We recently went through a similar situation with Directv as well. Over a year ago we signed up for Directv and got an HD receiver. All was well until a month ago. The receiver stopped receiving HD channels and locals that are received OTA. Called tech support and they said I'd have to pay $80 to have someone come out and look at it. I asked why I'd have to pay anyone to come out and fix something that is leased? He just kept saying I'd have to pay a fee. Told him I wasn't going to do that. Called back to cancel HD service since we couldn't receive it anyway that night. A week later we had Dish come out for installation. I called Directv back the night before the Dish install to cancel service. The rep now said I wouldn't have to pay the $80 for repairs and they wanted me as a customer. I told him if they wanted me as a customer they wouldn't have tried to charge me a fee to begin with. After that he started to threaten me with an early cancellation fee. He tried to tell me that there was a 24 month contract signed for the HD receiver. I told him we weren't told about that when we signed up. We were told 12 months. He kept stating that the contract was 24 months for that receiver. I then told him we couldn't even use the HD and we weren't going to pay for another year of service that we weren't receiving. He then said we wouldn't have to pay the fee and he would cancel it. Two weeks later we receive a final bill that included the fee of $101 and it would be due in a month. A day or two after that they took the $101 directly out of the credit card we used to sign up for Directv over a year ago. We had never signed up for direct billing yet they billed a card that we did not authorized them to use. We are still in the process of getting the money back through Visa and filing our complaint with the BBB. I've dealt with bad customer service before but they topped the cake.
    • I've got one even better...

      A few months back, we were moving from Nebraska to Iowa, a whole 70 miles away, and I contacted DTV for their "dish mover" service. I made an appointment to meet them at the new house, and I stayed there ALL day waiting for someone to show up, and at 5 minutes before the end of their time period, I got a call telling me that the guy got his truck stuck in the sand, and he wouldn't be able to make it to our place that day because he was waiting for a tow truck. OK, we all know that S**T HAPPENS, and it was only one day out of my life wasted, so I shrugged it off and made another appt for another day, about a week later. That day comes, and they left me sitting there ALL day, and they didn't even bother to call me this time. I was furious, to say the least, so I called their number to find out just where they were, and they were to call me back. In a few minutes, the installation contractor called me back and apologized, saying that the installer went off the road into a ditch and was waiting for a tow truck. I guess he thought I had just today fallen off the turnip truck, and I was insulted at his trying to play me for the fool, so I told him that perhaps they should hire installers who could drive as well as install systems, and also asked if he had a cellphone and might have given ME a call, since he had my phone number on the install invoice.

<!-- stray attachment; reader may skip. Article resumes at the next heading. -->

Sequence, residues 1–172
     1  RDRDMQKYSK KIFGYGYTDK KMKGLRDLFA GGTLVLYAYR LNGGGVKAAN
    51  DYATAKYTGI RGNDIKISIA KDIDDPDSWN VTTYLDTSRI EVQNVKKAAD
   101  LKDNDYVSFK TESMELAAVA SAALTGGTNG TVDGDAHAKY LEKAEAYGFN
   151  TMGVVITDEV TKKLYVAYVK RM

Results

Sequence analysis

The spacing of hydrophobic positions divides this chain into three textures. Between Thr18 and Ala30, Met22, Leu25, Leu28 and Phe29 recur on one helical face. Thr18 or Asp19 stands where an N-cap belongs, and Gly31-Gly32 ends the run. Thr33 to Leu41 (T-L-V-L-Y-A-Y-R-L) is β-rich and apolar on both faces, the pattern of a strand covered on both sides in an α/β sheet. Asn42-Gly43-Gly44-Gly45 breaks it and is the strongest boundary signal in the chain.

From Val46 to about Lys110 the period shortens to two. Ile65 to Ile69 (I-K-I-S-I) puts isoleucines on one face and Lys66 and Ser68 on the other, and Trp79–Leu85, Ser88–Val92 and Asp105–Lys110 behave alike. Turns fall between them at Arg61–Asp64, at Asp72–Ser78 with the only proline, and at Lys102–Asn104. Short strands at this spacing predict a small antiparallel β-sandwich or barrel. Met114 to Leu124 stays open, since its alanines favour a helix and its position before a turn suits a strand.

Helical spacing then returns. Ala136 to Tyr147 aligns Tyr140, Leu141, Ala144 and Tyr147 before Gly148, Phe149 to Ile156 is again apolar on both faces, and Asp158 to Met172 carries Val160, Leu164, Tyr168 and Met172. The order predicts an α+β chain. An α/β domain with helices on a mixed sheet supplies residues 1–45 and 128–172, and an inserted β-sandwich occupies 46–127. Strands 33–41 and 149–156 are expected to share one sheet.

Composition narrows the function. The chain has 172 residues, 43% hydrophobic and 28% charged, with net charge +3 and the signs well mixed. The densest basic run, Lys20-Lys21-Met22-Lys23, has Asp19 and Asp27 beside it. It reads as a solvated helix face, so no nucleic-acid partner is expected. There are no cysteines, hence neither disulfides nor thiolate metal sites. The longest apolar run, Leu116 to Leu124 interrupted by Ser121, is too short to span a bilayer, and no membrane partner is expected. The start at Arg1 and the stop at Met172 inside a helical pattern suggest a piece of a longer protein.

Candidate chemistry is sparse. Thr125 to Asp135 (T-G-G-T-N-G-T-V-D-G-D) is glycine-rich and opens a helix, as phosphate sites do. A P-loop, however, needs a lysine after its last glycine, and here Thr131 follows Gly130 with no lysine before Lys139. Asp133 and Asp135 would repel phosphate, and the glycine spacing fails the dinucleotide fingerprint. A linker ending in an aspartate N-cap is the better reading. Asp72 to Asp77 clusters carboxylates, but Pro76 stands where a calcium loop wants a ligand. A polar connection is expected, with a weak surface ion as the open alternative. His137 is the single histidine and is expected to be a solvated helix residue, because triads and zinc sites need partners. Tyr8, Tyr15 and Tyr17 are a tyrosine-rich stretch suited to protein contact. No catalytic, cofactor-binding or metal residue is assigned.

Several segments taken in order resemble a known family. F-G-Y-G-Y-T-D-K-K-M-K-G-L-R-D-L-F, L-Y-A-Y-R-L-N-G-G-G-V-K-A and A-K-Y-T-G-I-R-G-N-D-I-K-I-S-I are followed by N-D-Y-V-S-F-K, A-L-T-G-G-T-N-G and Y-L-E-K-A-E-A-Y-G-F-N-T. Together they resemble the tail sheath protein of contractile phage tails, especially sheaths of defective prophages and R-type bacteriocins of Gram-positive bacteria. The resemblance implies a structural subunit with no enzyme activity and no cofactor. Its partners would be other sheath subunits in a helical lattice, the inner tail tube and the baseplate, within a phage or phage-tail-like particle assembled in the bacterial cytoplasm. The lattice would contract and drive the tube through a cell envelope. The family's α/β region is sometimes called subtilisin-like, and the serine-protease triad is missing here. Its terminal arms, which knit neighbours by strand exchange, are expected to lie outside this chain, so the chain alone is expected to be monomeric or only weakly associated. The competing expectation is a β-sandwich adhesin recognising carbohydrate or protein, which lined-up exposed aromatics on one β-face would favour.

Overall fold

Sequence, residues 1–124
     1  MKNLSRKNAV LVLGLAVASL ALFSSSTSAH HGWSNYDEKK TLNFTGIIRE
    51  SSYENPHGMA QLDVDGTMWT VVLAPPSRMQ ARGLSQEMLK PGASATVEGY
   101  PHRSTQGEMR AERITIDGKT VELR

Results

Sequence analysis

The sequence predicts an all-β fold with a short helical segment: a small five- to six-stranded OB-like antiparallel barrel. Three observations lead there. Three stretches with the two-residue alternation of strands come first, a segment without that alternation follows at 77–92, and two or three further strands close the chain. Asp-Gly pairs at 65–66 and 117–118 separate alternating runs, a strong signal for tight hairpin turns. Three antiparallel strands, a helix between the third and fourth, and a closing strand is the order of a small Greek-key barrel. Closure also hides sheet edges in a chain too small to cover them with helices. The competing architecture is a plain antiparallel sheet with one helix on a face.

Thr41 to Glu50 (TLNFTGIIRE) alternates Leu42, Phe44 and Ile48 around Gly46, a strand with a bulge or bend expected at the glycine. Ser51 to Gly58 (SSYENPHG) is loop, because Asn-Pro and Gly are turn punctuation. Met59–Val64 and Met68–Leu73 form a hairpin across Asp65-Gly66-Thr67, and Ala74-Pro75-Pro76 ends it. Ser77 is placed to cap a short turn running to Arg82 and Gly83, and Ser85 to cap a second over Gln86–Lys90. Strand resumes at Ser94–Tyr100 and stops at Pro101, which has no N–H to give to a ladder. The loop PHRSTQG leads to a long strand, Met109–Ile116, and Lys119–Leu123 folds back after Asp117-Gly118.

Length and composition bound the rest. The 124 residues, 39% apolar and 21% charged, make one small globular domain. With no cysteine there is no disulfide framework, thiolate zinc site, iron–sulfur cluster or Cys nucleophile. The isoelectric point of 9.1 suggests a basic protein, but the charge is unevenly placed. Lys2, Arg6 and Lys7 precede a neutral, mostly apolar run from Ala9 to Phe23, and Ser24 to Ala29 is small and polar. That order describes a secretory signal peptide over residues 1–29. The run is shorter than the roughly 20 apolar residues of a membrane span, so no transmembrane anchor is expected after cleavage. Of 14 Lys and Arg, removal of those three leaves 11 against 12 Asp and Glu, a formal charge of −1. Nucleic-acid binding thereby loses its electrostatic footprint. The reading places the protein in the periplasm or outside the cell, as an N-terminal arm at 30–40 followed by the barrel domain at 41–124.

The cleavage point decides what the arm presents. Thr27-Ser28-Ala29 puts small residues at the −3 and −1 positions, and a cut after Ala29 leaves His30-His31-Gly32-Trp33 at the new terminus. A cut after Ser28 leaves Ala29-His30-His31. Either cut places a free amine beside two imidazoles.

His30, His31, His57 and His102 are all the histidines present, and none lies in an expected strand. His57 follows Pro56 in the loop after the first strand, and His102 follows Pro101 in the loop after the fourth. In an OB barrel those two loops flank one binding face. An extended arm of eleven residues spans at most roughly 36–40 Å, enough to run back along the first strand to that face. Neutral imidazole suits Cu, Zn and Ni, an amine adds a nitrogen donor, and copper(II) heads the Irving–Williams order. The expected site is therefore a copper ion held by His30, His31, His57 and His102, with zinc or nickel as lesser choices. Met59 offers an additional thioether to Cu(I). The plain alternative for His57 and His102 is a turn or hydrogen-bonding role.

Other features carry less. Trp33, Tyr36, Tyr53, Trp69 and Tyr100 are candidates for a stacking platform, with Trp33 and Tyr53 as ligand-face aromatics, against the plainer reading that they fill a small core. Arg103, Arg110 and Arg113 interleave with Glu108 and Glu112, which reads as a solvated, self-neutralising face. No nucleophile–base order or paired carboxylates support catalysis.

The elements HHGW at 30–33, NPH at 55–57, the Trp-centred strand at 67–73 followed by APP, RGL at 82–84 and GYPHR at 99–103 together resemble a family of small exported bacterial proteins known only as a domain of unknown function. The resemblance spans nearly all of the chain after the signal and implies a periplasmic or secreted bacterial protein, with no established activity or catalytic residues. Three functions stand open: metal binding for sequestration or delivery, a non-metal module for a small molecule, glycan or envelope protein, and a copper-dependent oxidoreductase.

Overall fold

I am retired, and I suppose that I have nothing better to do than to wait around for them to show up (or not). It's as though MY time is worth nothing, and theirs is worth a fortune. Well, I cancelled DTV and went to Dish Network... they tried to threaten me with paying for leased equipment when I had bought the 2 receivers off of eBay that had virgin cards in them, and had authorised them in my name. And, lucky for me, the credit card I had used years earlier had been lost and cancelled, so they had no place to charge it to. Now they're inundating my mailbox with crap, trying to get me back. I'll do without TV completely before that'll ever happen.

      I had thought that I had moved on with my life after this fiasco, but this thread opened my wounds once more. But, now I feel better, having typed this e-mail, and I won't need to consult my psychiatrist again!!<G> (At least NOT for THIS!!)

      Mike W
  • RE: DIRECTV: Well HERE's Your Problem, Ma'am...

    DirectTV is hopeless. They seem to earn only from termination fees by harassing people. In my case They had a sales team sell the service with certain promise and after the instrument was installed, they did not keep the promise. When we cancelled, they put hefty termination fees.
    • I don't know what the laws are in your state, but ...

      that sort of behavior is considered a variation of "bait-and-switch" and is illegal out here. It can get you treble-damages in court. That means you would get the termination fee back, plus recompense for the lost revenue from the downtime (if you can demonstrate financial loss) ... all x3.

      You should contact your local attorney general and check on it.

      Just my $0.02 USD in hope of helping...

  • RE: DIRECTV: Well HERE's Your Problem, Ma'am...